The Hesperia Unified School District's newest elementary school has an unusual number of laboratories: Krystal Elementary School has science labs, a computer lab and even a math lab.

"This is where the kids will have a chance to do hands-on math," said Principal Tom Kirk, standing in the lab Wednesday. "Hands-on math" meaning objects the students can handle as part of learning, or what educators refer to as "manipulatives." "Not just the textbook stuff."

All the labs are part of the school's focus: Krystal is the HUSD's "school of science, math and technology." It's a "school of choice," where all 570 students (plus a waiting list) are there because their parents specifically asked for them to attend the school. Students have come from all over the district, although only students who live in the Kingston or Lime Street Elementary School areas -- the two closest elementary schools -- will be bused. (The school has also attracted former teachers and employees of the year from schools across the district as well.)

Physically, the school is almost identical to Mission Crest Elementary School, although with a science and astronomy-based decorative scheme.

Kirk and his staff hope to get students excited about science, math and technology through hands-on learning, with various building toys, models and science experiments.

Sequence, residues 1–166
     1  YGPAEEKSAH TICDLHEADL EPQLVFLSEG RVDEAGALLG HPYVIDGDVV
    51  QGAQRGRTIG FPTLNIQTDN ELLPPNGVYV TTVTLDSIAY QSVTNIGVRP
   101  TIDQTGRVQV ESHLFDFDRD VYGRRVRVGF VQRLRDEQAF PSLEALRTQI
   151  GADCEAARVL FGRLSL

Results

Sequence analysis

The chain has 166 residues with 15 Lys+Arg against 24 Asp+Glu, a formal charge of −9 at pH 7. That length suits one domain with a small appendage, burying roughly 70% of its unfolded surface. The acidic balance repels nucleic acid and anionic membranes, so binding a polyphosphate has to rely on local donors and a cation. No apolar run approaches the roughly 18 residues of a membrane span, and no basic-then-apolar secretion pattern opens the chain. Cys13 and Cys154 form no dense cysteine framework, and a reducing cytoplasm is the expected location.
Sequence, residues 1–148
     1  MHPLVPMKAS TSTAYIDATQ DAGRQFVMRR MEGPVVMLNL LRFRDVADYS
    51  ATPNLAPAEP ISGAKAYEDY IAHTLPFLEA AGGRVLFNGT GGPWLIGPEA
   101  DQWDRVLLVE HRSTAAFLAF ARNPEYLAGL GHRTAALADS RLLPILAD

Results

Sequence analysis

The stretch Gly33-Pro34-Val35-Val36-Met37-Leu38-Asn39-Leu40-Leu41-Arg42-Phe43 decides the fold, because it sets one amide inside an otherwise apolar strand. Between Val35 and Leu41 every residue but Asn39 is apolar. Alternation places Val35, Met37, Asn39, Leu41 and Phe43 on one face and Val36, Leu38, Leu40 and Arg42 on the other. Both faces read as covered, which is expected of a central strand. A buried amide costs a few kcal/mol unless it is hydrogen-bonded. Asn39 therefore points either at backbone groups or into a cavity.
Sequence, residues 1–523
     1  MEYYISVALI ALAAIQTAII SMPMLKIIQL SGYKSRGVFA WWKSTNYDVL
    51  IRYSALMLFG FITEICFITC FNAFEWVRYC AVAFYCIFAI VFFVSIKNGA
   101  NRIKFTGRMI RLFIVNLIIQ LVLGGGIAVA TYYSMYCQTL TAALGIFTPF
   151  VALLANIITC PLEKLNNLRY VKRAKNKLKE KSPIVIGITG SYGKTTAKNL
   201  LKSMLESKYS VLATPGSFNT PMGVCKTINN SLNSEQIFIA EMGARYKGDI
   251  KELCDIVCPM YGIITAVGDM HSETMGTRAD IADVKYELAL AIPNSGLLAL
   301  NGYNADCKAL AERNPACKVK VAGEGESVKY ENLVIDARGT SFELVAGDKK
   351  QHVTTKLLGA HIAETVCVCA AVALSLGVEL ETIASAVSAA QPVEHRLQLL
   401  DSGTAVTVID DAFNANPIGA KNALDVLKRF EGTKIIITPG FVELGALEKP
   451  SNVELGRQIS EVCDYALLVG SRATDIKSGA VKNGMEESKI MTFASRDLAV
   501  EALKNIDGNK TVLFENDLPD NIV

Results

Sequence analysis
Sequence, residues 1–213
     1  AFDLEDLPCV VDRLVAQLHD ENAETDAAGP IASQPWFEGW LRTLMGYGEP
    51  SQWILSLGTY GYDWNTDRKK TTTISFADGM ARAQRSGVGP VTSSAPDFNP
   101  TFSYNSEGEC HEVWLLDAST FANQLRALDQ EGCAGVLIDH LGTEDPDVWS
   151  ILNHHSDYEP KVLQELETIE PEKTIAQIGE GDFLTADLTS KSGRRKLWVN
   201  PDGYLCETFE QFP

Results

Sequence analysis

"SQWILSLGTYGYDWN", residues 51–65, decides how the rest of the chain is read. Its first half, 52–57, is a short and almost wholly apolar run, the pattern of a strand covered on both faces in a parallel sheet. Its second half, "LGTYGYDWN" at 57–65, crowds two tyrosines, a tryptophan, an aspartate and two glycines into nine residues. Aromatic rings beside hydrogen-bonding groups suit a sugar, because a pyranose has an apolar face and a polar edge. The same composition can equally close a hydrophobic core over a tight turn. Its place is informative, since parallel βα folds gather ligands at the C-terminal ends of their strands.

"The kids are going to love coming to school," he said. "And that's the key."

The science labs feature handheld microscopes that connect to computers and weather meters.

"We want to make science fun," said Kirk. "We want to make math fun."

On Wednesday, the whole school had an almost-moved-in look to it, with books being put away in the library, lab equipment going into cabinets and athletic fields still waiting for sod to be rolled out on them.

The 40-station computer lab features new iMac Macintosh computers and will be decorated to look like NASA Mission Control.

Each of the school's four main hallways will be decorated with a different educational theme: There will be life science, earth science and physical science hallways, all connected by a leadership hallway with messages culled from "The Leader in Me," the kid's version of Stephen Covey's "7 Habits of Highly Effective People."

It's all intended to engage students' interests the moment they walk in the door.

"We're in a battle with videogames and cell phones," Kirk said. "Especially coming after the summer, you've got to keep them engaged."

Beau Yarbrough can be reached at 956-7108 or at beau@hesperiastar.com.